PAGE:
With Furiosa Out Soon, Mad Max is a Reminder That Franchises Can Start Small

George Miller’s first movie was cheap and sleazy. It was still good enough to spawn a franchise.

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Modern moviemaking is intrinsically linked to high stakes. That’s true not just when you think about the various beams and monsters attacking our cities, but also when you consider how much pressure is put on every new franchise to succeed the second it enters the world. If a studio puts a large amount of money behind a new movie in the hopes it will launch a series of sequels, they expect that bet to pay off immediately. They want their franchise starters to come out of the gate swinging, and if they don’t, they rarely get a second chance.

That reality is part of what makes a movie like Mad Max so unusual. George Miller’s first attempt at what would become his signature franchise is arguably the least successful, and also the film least like the others in the franchise. What the movie suggested, though, was that the mind behind it had the kind of vision that would ultimately lead him to make movies like The Road Warrior and Fury Road, franchise iterations that improve on what the first installment could only hint at.

The first Mad Max is not without its merits, but it’s evidently the work of someone trying things out. The movie is set in a noticeably distinct world from the other installments in the Maxverse, one that still has paved roads and indoor spaces that aren’t caves. The world hasn’t collapsed yet, but it’s on its way there, and Max (Mel Gibson) is one of the few people trying to halt the slide. Miller was working within his relatively limited budget to deliver something that evoked dystopia, years before he could operate at the scale that would allow him to achieve his vision.

Mad Max is also not as action-forward as subsequent installments. It has its thrilling chases and beatdowns, but it’s a movie made without the resources of Fury Road or even The Road Warrior, and it shows. The film’s rough edges are part of its charm, though, and it wasn’t just Miller’s filmmaking acumen that made it feel so distinct. Its dystopian future in which oil has been depleted still feels relevant all these years later (which is why these movies keep getting made), and its story of revenge isn’t hard to comprehend. Max’s story of losing his family is also the only crucial bit of lore the franchise has, which is one of the reasons it’s constantly able to pivot.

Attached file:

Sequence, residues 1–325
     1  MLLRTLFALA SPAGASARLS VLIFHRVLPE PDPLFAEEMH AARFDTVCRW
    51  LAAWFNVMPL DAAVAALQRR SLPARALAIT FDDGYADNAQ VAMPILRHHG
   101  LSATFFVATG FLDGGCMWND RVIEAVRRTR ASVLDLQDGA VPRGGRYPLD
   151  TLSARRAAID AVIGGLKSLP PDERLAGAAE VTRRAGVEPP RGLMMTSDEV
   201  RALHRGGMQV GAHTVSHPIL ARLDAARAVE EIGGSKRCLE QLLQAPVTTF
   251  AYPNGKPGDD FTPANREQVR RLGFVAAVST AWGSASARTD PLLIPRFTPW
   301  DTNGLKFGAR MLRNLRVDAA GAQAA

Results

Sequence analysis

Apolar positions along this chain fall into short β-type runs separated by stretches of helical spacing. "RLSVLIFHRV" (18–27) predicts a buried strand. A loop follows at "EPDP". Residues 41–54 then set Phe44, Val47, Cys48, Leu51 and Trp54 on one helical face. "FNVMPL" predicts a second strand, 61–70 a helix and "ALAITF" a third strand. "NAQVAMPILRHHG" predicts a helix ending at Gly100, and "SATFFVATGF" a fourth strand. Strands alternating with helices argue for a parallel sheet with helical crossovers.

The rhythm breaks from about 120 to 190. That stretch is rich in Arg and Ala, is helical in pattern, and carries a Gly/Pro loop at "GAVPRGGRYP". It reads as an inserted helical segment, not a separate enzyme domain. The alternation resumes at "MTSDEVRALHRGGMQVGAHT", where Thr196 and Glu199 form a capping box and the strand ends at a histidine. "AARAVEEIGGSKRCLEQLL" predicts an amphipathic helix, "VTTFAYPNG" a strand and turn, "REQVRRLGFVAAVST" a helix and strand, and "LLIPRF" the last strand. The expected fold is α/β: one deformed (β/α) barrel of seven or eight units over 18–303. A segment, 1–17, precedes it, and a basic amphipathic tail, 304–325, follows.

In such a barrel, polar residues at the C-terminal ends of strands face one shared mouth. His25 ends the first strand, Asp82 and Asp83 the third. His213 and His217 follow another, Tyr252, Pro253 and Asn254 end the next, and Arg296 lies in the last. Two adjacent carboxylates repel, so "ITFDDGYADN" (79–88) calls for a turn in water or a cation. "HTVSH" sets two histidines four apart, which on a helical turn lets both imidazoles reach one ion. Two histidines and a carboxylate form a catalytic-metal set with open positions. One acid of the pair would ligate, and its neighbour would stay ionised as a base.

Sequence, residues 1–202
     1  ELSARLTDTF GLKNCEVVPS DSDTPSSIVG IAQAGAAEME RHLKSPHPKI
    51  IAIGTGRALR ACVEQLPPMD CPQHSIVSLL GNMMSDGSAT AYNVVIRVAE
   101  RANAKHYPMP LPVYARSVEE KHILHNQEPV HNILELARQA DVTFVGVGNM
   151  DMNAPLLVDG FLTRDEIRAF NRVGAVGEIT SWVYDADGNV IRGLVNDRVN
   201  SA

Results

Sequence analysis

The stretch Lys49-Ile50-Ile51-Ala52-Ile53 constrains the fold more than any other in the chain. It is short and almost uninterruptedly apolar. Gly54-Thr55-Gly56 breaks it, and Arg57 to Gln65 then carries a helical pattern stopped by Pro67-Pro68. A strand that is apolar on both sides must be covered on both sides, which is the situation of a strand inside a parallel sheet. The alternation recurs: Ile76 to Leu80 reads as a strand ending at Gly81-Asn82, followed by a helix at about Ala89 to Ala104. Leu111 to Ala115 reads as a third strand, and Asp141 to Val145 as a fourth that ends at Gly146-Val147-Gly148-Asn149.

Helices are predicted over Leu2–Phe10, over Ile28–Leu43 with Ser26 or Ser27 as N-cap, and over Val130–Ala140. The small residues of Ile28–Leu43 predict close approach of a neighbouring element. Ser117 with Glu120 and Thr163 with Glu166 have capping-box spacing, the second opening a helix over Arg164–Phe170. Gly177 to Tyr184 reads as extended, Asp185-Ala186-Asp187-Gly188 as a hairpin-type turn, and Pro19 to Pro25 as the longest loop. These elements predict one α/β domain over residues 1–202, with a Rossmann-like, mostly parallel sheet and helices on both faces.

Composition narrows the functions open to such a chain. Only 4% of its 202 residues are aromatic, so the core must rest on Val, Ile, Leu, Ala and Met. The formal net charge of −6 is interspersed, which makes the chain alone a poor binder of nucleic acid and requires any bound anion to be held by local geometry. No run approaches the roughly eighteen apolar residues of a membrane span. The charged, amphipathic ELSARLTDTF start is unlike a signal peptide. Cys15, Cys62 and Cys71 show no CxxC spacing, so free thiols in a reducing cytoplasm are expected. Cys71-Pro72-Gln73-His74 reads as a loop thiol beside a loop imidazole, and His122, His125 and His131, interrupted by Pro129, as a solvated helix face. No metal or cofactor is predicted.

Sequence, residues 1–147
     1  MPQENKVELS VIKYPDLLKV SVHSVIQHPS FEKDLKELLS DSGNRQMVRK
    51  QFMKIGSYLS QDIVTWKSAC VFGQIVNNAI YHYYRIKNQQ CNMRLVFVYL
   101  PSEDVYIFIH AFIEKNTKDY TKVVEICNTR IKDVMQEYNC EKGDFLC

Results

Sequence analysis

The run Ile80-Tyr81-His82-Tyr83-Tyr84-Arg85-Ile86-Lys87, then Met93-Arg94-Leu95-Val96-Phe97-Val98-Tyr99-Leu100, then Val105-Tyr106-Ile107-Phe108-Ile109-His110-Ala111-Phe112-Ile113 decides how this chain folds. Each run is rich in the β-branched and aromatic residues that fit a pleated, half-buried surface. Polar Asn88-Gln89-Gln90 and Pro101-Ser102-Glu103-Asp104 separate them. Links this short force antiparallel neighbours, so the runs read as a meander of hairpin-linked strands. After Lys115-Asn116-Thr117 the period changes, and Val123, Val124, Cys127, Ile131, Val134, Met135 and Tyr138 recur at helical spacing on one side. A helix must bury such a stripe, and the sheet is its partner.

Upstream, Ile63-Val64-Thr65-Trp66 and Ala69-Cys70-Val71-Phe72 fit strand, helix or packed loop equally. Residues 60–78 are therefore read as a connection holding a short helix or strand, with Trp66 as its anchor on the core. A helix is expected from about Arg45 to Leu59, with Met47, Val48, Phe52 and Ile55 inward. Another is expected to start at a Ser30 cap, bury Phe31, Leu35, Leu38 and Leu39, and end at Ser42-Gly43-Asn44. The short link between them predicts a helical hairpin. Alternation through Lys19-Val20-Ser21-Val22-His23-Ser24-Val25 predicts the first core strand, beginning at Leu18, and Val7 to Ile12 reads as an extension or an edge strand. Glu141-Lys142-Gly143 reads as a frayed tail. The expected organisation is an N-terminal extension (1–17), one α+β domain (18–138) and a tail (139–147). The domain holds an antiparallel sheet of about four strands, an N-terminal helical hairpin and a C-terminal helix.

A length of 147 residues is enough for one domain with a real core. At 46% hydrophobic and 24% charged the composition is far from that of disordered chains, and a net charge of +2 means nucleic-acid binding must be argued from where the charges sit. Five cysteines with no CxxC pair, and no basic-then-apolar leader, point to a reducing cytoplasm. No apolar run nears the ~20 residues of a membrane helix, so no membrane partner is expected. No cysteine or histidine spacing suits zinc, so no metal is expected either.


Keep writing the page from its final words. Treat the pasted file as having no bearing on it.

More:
What Mad Max feels like, then, is the kind of tryout film that few major franchises still get the chance to make. Much like Sam Raimi’s Evil Dead, released just a few years later, it’s a movie that functions as a proof of concept, which frees its sequel to be a soft reboot of the entire franchise. The Road Warrior alludes to the first Mad Max, and the traumatic events Max went through. For the most part, though, it feels like something else entirely. The world has decayed beyond recognition, and things are just generally wackier than they were allowed to be in the first installment.

Mad Max was only Mel Gibson’s second film, but it began his transition to stardom.

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Miller got to make another Mad Max because it enjoyed box-office success and didn’t cost much to make. It proved Miller had the kind of delirious vision worth exploring, and helped the franchise become what it is now. Of course, Mad Max’s financing came from sources outside of the Hollywood studio system, but there’s no reason Hollywood studios couldn’t give new franchises a small investment in the hopes one of them will ultimately become an Oscar-winning juggernaut.

Filmmaking is and always will be a game of chance. Those who put money behind a project do it because they believe in something, whether it’s an idea, a franchise, or the person behind or in front of the camera. What Mad Max demonstrated is that launching a successful franchise isn’t as simple as taking a big piece of intellectual property and putting all your resources behind it. Sometimes, it pays to take the long view. Mad Max didn’t seem like a franchise launcher in 1979. Now, 45 years later, everyone who made a small bet on it has reaped enormous rewards. It makes you wonder why Hollywood insists on only betting big.

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